Discover more from Profluence Sports by Andrew Petcash
False Deals + Fake Promises = Athletes Get Hurt
Although athletes are the most important piece to the puzzle in sports…
They can often be the last thought.
Leagues, governing bodies, universities, teams, and owners make sure to get theirs first (and then athletes/employees enter the mix).
And when fast money enters sports — as it did with NIL and crypto — athletes sometimes get hurt by it.
Before spouting off too far, I want to cover some recent developments that are important.
Let’s Dive In 👇
BYU and its NIL Payments Controversy
Last year, BYU football and nutrition brand Built put together what I still believe is the most innovative NIL deal to date.
Here were some of the details:
Built paid tuition for all walk-ons
Built provided every scholarship player with $1,000 each
BYU players had to show up to events and promote Built Bar on social media
Everything was great (until it wasn’t)…
Built decided to sell a BYU-specific ‘CougarTail’ bar and 15% of the profits would allegedly go directly to athletes who signed a NIL contract with them.
I think you know where this is headed…
Tuition has been paid for walk-ons and scholarship players got their $1,000 — but the 15% of profits are nowhere to be found according to the players.
Failed NIL Collective Payments
If you think a few thousand dollars is bad from Built Bar…
Then you haven’t heard some of the horror stories out of the NIL collective world.
We’re talking about college athletes who were promised $500k and were lucky to come away with 20% of that.
We’re talking about collectives who paid athletes $1M to stay at the University and the players took the money + dipped off to new schools where they got paid just as much.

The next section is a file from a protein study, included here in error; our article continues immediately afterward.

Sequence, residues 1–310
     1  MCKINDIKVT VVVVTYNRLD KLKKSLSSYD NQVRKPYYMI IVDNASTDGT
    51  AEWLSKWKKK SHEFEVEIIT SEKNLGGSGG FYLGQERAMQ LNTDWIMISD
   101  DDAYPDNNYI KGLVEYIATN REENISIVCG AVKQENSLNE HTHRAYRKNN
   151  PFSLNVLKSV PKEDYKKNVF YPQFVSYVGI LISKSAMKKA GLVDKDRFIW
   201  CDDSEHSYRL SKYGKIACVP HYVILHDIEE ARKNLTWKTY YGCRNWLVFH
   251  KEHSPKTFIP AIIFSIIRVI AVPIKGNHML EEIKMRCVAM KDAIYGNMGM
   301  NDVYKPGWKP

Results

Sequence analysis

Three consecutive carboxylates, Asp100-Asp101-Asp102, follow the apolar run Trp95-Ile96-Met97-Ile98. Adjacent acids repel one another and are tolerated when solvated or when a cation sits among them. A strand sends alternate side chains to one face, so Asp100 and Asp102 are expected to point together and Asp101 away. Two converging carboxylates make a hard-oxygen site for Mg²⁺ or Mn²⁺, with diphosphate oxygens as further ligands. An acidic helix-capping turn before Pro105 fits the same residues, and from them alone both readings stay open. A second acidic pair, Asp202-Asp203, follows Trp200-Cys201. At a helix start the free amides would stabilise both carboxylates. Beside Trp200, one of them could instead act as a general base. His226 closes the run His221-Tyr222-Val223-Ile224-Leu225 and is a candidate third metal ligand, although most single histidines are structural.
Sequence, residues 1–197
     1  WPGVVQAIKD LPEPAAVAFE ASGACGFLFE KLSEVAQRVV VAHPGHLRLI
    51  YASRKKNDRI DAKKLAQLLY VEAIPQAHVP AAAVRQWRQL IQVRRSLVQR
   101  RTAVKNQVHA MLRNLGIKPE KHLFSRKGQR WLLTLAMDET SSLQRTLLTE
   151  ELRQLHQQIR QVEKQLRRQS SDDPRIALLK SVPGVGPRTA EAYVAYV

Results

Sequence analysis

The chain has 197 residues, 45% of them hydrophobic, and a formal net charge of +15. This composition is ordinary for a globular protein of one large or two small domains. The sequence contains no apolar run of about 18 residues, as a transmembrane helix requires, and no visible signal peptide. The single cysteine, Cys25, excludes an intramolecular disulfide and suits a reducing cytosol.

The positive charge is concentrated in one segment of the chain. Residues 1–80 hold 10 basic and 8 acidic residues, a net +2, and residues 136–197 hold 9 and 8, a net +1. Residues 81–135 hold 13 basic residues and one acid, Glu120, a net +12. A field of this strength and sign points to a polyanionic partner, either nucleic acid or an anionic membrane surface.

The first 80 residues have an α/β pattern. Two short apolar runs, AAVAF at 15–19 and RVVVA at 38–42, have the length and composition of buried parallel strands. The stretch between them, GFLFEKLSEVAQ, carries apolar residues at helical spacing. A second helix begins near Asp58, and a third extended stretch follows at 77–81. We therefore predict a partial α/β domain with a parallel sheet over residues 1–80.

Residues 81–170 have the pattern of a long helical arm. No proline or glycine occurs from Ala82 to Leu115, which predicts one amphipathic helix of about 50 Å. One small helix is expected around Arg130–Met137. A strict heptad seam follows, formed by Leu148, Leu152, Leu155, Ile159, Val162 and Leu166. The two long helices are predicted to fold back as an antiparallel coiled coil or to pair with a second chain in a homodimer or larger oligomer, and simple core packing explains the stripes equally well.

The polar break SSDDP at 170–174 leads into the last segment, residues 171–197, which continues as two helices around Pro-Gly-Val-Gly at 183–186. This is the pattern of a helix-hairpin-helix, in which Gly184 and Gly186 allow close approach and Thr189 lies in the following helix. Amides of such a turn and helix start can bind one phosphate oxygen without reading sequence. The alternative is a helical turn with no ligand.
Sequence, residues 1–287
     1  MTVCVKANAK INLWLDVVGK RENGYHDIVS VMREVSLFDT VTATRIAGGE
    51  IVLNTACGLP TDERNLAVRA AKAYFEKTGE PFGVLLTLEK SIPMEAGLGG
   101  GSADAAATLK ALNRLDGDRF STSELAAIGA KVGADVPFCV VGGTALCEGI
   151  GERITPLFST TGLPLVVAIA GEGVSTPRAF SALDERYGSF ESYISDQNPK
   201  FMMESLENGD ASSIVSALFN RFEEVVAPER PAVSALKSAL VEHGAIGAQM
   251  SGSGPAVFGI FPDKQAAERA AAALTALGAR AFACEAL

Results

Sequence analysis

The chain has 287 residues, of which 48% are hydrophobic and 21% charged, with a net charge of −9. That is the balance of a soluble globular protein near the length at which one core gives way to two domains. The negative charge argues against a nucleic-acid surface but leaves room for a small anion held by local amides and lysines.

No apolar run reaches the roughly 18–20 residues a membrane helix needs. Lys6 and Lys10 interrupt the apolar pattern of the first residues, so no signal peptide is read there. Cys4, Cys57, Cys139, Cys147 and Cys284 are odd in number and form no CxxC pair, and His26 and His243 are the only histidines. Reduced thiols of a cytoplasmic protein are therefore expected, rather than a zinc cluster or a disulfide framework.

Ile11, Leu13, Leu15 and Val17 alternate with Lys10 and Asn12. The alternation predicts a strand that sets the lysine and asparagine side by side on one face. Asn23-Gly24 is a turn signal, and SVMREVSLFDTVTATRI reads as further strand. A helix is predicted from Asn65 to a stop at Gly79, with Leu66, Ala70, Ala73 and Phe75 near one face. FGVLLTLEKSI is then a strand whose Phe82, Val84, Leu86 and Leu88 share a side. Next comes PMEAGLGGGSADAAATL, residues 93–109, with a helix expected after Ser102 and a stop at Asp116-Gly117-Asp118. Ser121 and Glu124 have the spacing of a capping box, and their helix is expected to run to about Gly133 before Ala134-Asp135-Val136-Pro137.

I agree with Nick Saban when he says NIL should be handled more like the professional leagues…
But it doesn’t take a rocket scientist to know what that would mean for college sports.
NFLPA Burned By Crypto
The NFL Players Association reportedly has been unable to collect nearly $42 million in revenue from OneTeam Partners.
The worst part…
That could mean a loss of ~$20,000 per active NFL player.
Putting that in perspective — that’s a 10% revenue loss for a practice squad player.
How did this happen?
The revenue is likely tied to Dapper Labs NFTs (which are digital highlights or trading cards).
Dapper asked the NFL and NBA to renegotiate their deals a few months ago after cryptocurrencies collapsed.
Crypto’s collapse hurt athletes collectively (and teams who had sponsorship deals).
But high-profile individual athletes got hurt even worst…
Tom Brady, Steph Curry, and Shaquille O'Neal were put under investigation after promoting the cryptocurrency trading platform FTX.
You may remember that their founder, Sam Bankman-Fried, was arrested and charged with wire fraud, securities fraud, and money laundering after FTX filed for bankruptcy.
When individual athletes make bad decisions — it’s easy to single them out.
But the same thing is happening with well-respected institutions (and the problem is that the players are the ones getting hurt at the end of the day from it)
BYU not holding Built to their contract is bad
NFLPA’s defunct crypto deal losing each player $20k is bad
Fast money always looks to sports…
The thing with fast money is that it’s not always guaranteed.
It will be interesting to see how these NIL + crypto developments play out.
Today’s guest is Hugo Inglis — a 3x Olympian and the founding partner of High Impact Athletes.
High Impact Athletes (HIA) connects world-class athletes with world-class charities, where every dollar given can do the best possible.
You’ll enjoy this episode as we discuss:
Bad vs. Average vs. Good Charities
What it’s like competing in the Olympics
Rise of athlete communities (venture + philanthropy)
Check out the podcast episode here.
Hugo has an interesting background that intertwines competing at a high level athletically with doing good for the world.
Thanks for tuning in today!
Have an awesome weekend.